While long-term care facilities are following standard public health guidelines to protect residents as much as possible from CoVID and other ailments, at this time each long-term care community is conducting new admissions a bit differently. Here are some varied examples I have encountered thus far:

1. My client is only 60 years old and has some very serious health issues that render her bedridden. I was hired to find short-term rehabilitation that could also keep her for long-term placement after a stay in a specialty hospital. This objective was a terrible challenge because of her age and her funds being rather limited. Many of the communities rejected her, I suspect because they held the perception that a Medicaid claim would be looming from this client within a short period of time as her limited funds dwindled. The rate of reimbursement for a Medicaid recipient is significantly lower than what a community would receive if a person were paying privately.

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The CoVID19 crisis has brought home crucial lessons for all of us who care about older loved ones and America’s senior citizens. Often, a senior has to be placed in a nursing home because of his or her medical conditions or financial circumstances. By their very nature as communal facilities that house older and infirm individuals, nursing homes are natural “hot spots” for both seasonal influenza and Coronavirus. Residents may contract Coronavirus due to their proximity to other residents who have it, or exposure to a staff member required to give hands-on care, or from some other disease vehicle. In this pandemic both public policy and a lack of emergency planning by nursing homes share blame for the high incidence of infection and death.

For example, some state governors (including, ironically, some who refer to seniors as “our most vulnerable population”) ordered nursing homes to readmit residents who had been in the hospital. In New York, this included seniors still ill with CoVID19! Ordering a resident to be readmitted to a nursing home often sets them up for failure because many homes are poorly staffed to begin with. Most of the time, the ratio of certified nurse assistants to residents is 1:12 or higher. This means that one nurse aide is responsible for caring for a dozen or more residents.

Some nursing homes have sequestered residents with CoVID symptoms to specific areas and required them to quarantine in a private room for seven to 14 days, which is extremely difficult for seniors deprived of human contact. Elsewhere, such sequestration is a safety measure that many homes cannot provide due to bed availability and spacing issues.

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I was pleased to have been asked by ABC Channel 7 journalist John Garcia to provide professional comment on the Corona Virus outbreak in Illinois nursing homes. The link to the news segment appears below.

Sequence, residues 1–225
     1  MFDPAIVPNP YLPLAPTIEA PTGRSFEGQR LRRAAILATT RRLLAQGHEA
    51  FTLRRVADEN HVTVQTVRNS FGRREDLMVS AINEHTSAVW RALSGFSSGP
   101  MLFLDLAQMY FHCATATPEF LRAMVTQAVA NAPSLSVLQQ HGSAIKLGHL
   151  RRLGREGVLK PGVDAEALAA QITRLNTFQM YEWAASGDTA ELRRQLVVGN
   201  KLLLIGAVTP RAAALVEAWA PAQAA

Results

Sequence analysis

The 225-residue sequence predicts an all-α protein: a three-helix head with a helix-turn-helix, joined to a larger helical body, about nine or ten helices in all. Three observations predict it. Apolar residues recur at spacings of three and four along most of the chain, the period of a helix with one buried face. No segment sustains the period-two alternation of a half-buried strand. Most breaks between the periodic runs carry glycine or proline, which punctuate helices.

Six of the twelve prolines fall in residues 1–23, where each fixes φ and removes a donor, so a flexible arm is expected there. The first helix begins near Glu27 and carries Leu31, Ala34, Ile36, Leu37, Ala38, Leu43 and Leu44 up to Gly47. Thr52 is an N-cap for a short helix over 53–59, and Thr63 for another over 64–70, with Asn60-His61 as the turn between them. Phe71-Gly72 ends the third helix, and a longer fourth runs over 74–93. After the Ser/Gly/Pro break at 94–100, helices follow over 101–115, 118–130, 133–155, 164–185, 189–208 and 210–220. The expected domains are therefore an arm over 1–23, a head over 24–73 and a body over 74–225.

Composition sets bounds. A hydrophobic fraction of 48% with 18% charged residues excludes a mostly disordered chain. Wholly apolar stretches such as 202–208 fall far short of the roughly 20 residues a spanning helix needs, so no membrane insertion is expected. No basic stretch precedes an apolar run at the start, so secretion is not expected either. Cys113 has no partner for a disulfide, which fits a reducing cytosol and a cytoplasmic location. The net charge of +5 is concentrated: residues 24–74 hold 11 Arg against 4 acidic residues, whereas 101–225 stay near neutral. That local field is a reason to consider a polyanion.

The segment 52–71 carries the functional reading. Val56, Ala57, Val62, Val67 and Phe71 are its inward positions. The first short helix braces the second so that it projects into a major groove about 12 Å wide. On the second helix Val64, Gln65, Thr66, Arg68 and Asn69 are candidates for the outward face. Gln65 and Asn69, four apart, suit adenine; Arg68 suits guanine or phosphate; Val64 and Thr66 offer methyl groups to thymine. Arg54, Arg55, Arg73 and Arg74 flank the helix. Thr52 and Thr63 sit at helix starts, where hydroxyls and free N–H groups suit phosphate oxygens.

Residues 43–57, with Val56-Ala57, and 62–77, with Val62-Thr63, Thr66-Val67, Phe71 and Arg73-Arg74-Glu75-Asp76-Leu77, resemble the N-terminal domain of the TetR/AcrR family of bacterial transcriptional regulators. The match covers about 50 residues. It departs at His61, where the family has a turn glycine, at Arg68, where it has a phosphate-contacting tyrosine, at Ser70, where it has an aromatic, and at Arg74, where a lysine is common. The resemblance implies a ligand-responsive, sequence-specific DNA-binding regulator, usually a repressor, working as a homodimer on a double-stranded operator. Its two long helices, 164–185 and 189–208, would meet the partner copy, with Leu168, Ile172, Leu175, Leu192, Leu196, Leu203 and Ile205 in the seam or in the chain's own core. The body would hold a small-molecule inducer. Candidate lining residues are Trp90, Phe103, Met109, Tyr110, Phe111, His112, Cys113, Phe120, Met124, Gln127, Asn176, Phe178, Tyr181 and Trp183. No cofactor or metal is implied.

https://abc7chicago.com/coronavirus-deaths-fatalities-nursing-homes-illinous/6113728/

As I explained to this interested ABC reporter and Chicago area viewers, the current CoVID19 “Shutdown” is a heartbreaking situation because the CDC guidelines do not allow nursing home residents to have any visitors. The only individuals allowed in the buildings are those deemed as “essential employees,” i.e., personnel who are involved with end of life care or legal decisions.

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Many of my clients ask me, “Andrea, is it ever too early to plan for a senior’s future care?” My answer is, “It is never too early.” Approximately, 90% of my clients contact me when there is a crisis with a senior loved. That includes situations where there was a life-changing event with the senior, or the children of the senior made an incorrect decision about the senior’s type of care. In light of the Coronavirus pandemic, I can only imagine how many people wished they had contacted a senior living professional to create a care plan for a loved. Despite the fact that the Center for Disease Control has issued guidelines that suggest that no one be allowed to visit senior loved ones except for essential employees, I would be less stressed knowing that my loved one was being cared for in a safe environment. Picture a situation where the senior may be living at home alone. The children may experience stress because they don’t know if the loved one is safe, receiving the right care, and eating properly. With the emphasis on social distancing, the tasks that the child must perform on behalf of the senior become all the more difficult. If the right plan of care was in place and acted upon prior to the pandemic, the stress involved with a crisis could be alleviated.